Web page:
Clinical pharmacy interventions by community pharmacists during the dispensing process
Article first published online: 24 DEC 2001
British Journal of Clinical Pharmacology
Volume 47, Issue 6, pages 695–700, June 1999
How to Cite
Hawksworth, Corlett, Wright and Chrystyn (1999), Clinical pharmacy interventions by community pharmacists during the dispensing process. British Journal of Clinical Pharmacology, 47: 695–700. doi: 10.1046/j.1365-2125.1999.00964.x
- Issue published online: 24 DEC 2001
- Article first published online: 24 DEC 2001
- clinical pharmacy;
- community pharmacists;
Aims To evaluate the professional contact between the community pharmacist and general practitioner during the dispensing process on issues other than the legality or simple clarification of the prescription.
Methods Fourteen community pharmacists from five adjacent localities completed details of each clinical pharmacy intervention during 1 week of each month for a period of 1 year. Each week of the month was randomly selected. When a community pharmacist had to contact the prescriber, during the dispensing of a prescription, the following data were recorded: brief patient details, the prescribed drug therapy, the reason for intervention, the outcome and the time taken. The main outcome measures were the type and nature of each intervention, the BNF category of the drug involved and the time taken. A multidisciplinary clinical panel assessed the potential of each intervention to alter the outcome of the patient’s clinical management and to prevent a drug related hospital admission. These assessments were ranked between 0 and 10 (100% confident).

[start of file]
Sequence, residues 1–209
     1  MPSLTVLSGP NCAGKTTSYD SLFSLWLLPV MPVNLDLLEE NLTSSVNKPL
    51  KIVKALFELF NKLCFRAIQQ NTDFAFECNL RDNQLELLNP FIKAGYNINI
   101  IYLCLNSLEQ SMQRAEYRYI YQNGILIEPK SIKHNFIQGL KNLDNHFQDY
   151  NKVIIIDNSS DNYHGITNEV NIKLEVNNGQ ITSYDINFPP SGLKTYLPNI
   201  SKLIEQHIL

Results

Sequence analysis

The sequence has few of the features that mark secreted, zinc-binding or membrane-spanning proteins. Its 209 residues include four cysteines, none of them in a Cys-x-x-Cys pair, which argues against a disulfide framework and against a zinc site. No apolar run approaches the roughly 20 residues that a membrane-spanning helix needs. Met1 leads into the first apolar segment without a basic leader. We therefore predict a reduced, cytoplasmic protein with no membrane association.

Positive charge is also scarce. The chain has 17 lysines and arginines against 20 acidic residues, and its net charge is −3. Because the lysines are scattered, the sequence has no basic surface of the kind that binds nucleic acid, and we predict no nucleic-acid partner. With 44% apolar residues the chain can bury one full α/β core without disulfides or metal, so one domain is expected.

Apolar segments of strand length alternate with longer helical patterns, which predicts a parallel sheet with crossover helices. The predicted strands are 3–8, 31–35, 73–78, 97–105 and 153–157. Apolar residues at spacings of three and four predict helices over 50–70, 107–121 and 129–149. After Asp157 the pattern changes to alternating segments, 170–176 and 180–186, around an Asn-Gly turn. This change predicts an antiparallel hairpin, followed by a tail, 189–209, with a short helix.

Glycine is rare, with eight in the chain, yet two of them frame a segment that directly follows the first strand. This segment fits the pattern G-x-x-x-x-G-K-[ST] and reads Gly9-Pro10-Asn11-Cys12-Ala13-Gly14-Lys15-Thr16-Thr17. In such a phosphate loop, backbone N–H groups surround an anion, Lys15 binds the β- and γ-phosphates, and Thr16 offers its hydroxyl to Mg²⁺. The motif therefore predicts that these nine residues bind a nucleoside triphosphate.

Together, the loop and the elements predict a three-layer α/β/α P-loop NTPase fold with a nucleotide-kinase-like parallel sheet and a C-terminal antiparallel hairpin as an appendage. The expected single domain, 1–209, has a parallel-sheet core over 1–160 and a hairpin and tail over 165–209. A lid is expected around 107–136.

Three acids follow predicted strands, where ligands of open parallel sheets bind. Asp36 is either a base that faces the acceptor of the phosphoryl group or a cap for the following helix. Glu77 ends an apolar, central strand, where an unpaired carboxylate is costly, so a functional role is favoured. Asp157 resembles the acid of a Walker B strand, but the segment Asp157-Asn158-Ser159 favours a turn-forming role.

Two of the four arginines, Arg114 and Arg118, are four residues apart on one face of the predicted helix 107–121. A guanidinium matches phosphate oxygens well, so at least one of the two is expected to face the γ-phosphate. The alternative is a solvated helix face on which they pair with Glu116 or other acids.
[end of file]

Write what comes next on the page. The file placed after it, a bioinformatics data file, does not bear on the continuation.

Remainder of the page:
Results During a period covering 1 week per month over 1 year, 1503 clinical pharmacy interventions were made out of 201 000 items dispensed. When normalized for the dispensing volume of each community pharmacy the lower the number of items dispensed then the greater was the percentage of interventions (P=0.013). The clinical panel decided that between 19 (0.01% of the total items dispensed) and 242 (0.12%) interventions may have prevented a drug-related hospital admission, 71 (0.04%) to 483 (0.24%) could have prevented harm whilst 103 (0.05%) to 364 (0.18%) had the potential to improve the efficacy of the intended therapeutic plan. The panel also decided that 748 (0.37%) interventions improved the clinical outcome and could have saved a visit to or by the general practitioner.
Conclusion Clinical pharmacy provided by a community pharmacist during the dispensing process has the potential to provide a valuable contribution to health care.